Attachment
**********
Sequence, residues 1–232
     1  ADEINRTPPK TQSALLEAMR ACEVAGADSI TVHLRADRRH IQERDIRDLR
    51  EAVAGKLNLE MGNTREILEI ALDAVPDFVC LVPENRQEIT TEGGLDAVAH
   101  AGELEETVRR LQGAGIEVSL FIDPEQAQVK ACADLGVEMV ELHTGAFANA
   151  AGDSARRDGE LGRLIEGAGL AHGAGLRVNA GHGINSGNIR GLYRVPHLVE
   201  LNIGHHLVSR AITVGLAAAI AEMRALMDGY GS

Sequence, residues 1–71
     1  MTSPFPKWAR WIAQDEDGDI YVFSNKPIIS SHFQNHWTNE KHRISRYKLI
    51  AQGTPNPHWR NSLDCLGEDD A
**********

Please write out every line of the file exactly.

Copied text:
Sequence, residues 1–232
     1  ADEINRTPPK TQSALLEAMR ACEVAGADSI TVHLRADRRH IQERDIRDLR
    51  EAVAGKLNLE MGNTREILEI ALDAVPDFVC LVPENRQEIT TEGGLDAVAH
   101  AGELEETVRR LQGAGIEVSL FIDPEQAQVK ACADLGVEMV ELHTGAFANA
   151  AGDSARRDGE LGRLIEGAGL AHGAGLRVNA GHGINSGNIR GLYRVPHLVE
   201  LNIGHHLVSR AITVGLAAAI AEMRALMDGY GS

Sequence, residues 1–71
     1  MTSPFPKWAR WIAQDEDGDI YVFSNKPIIS SHFQNHWTNE KHRISRYKLI
    51  AQGTPNPHWR NSLDCLGEDD A